Old and modern, grand and classical are just some of the words that can describe Weimar. Located in the heart of Germany, in the state of Thuringia (Thüringen) this German diamond has surprisingly much to offer, both historically and culturally. Weimar, with its close connections to Goethe, Schiller, Bauhaus and the Weimar Republic, is definitely one of the highlights in Germany. We have been there, and we have selected some of the best things to do in Weimar.
Best things to do in Weimar
Being such a small town, there are surprisingly many things to see in Weimar. Although a visit to all the sights would probably take a week, lots can be seen in just a few days. The city is centred around its historical Old Town, with most sights within walking distance. We recommend you spend at least 2-3 nights in Weimar.
Many places in Weimar have status as UNESCO World Heritage Sites, as part of the Weimar Classicism Complex or as part of the Bauhaus complex.
BUDGET TIP: For many of the sights in Weimar you can buy combination tickets for more than one attraction on the same ticket. This will save you some money on entrance fees. Check Klassik Stiftung Weimar for more information.
1. Explore the historic old town
The historic city centre is the beating heart of Weimar and is probably the place where you’ll spend most of the time. With picturesque, cobblestone streets, narrow lanes, and grand buildings mixed with half-timbered houses, the old town is like entering a fairytale from another time. The streets are lively with a mix of restaurants, shopping and sights. The two main squares are obvious stops while exploring the old town. Especially Marktplatz (market square) should be visited. Most days it’s hosting a food market with a mix of local produce and local fast food. And here is a good place to try the famous original Thüringer Rostbratwurst (grilled sausage from Thuringia).
TIP: Read our post about visiting Potsdam if you want to visit another historic town in Germany
On Theaterplatz is the Deutsches Nationaltheater und Staatskapelle Weimar (a German theatre) with its statue of Goethe and Schiller in front. Both men were very important in the art and culture of Weimar. No wonder they got honoured with a statue on this central square.
Opposite the theatre is the House of the Weimar Republic. Here, where the first German democracy was born, you can see exhibitions and learn more about the history of the period before and during the time of the Weimar Republic.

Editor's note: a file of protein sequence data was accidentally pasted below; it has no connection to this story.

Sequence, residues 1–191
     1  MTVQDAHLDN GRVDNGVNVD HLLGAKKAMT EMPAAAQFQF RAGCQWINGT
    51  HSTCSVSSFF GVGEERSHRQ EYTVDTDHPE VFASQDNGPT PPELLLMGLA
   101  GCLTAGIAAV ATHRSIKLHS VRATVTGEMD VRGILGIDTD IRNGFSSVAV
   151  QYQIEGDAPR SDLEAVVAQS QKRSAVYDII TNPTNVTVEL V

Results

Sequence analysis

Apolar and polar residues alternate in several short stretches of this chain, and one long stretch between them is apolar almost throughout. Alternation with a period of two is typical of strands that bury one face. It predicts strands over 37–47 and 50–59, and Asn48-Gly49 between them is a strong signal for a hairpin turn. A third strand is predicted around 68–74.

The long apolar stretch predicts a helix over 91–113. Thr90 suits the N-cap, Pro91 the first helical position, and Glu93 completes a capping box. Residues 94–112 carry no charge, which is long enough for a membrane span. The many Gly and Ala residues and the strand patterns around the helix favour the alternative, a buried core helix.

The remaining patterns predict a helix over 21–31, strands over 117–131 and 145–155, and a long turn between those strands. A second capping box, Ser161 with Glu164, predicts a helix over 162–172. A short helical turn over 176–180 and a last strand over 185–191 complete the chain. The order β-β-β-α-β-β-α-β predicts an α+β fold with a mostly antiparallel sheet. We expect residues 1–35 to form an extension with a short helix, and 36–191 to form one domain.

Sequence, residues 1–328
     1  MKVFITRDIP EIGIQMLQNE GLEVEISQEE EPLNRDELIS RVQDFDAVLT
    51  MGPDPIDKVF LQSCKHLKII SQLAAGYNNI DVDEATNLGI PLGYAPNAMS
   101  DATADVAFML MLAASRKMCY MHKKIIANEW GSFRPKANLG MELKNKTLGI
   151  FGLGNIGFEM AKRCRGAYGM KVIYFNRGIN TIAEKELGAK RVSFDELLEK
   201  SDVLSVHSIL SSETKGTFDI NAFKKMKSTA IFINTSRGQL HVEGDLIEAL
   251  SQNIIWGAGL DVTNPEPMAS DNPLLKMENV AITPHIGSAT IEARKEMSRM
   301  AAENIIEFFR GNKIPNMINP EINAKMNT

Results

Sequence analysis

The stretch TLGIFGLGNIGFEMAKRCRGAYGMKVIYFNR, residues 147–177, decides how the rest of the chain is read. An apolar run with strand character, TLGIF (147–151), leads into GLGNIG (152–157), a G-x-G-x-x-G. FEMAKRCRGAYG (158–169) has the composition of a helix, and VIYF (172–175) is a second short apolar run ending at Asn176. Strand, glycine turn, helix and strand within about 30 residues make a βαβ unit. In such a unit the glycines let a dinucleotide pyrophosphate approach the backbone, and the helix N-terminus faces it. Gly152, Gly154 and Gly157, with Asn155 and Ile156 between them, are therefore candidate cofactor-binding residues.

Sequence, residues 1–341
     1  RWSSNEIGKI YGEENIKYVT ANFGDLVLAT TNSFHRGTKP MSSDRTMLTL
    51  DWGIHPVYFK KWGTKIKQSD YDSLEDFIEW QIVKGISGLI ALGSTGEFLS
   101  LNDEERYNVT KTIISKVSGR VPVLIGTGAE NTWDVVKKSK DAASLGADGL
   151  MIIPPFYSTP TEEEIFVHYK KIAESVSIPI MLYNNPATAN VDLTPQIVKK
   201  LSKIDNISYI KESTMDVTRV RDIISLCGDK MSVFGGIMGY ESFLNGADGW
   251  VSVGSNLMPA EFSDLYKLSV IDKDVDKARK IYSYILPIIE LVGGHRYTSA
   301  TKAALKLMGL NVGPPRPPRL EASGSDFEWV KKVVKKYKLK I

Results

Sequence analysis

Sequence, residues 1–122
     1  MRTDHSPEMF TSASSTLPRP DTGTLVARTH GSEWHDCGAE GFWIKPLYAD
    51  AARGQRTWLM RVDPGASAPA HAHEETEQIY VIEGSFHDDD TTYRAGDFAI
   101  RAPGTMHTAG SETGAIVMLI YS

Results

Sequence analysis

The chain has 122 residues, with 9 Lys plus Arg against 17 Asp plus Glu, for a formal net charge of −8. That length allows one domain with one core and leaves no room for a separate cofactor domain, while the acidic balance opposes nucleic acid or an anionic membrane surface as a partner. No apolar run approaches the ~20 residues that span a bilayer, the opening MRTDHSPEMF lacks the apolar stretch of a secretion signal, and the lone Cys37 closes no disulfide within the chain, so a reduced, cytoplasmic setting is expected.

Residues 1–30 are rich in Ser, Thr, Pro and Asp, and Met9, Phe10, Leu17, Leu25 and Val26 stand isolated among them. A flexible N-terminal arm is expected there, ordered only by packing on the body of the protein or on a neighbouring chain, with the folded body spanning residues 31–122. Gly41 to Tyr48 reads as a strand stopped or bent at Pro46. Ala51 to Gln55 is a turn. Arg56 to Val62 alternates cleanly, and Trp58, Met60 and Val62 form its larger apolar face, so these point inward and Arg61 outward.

Close to the old town, the huge Schloss Weimar (Weimar Palace) is located. It’s part of the UNESCO World Heritage Site (Weimar Classicism). Unfortunately, the palace, including its museum, is closed for renovations for at least until 2024. Even so, it is worth seeing the palace from the outside as it is an impressive building.
TIP: Read our post about places to visit in Saxony for more inspiration from Germany
2. Herzogin Anna Amalias Bibliothek
The Duchess Anna Amalias Library is one of the best things to do in Weimar, and rightfully so. The local book-loving duchess had this small palace converted into a library to house the book collection of the court. The Rokokkosaal (Rococo Hall) is the most stunning room, and this room alone makes this library one of the most beautiful we ever visited. Goethe and Schiller used the library and the Rokokkosaal for work.
TIP: Read the blog post about Görlitz – one of the most beautiful towns in Germany with another amazing library
A fire in 2004 destroyed parts of the building. Furthermore, important parts of the collection were also damaged or lost. Even so, the library still houses a major collection of German literature, documents and manuscripts. Over 1.000.000 books belong to the collection today.
Duchess Anna Amalia lived an extraordinary life. Therefore we also recommend a visit to her house, the Wittumspalais, after a visit to the library. This will give you more insight into the history of this remarkable woman. The ticket to the library will give you a free entrance to her house.
Before you go:
- Opening hours Rokokkosaal: Tuesday-Sunday 09.00-16.00 (opening hours may vary)
- Closed on Mondays
- Entrance is €7,50
- Buy ticket online or at the door
- A strictly limited number of daily visitors (50-300 visitors a day)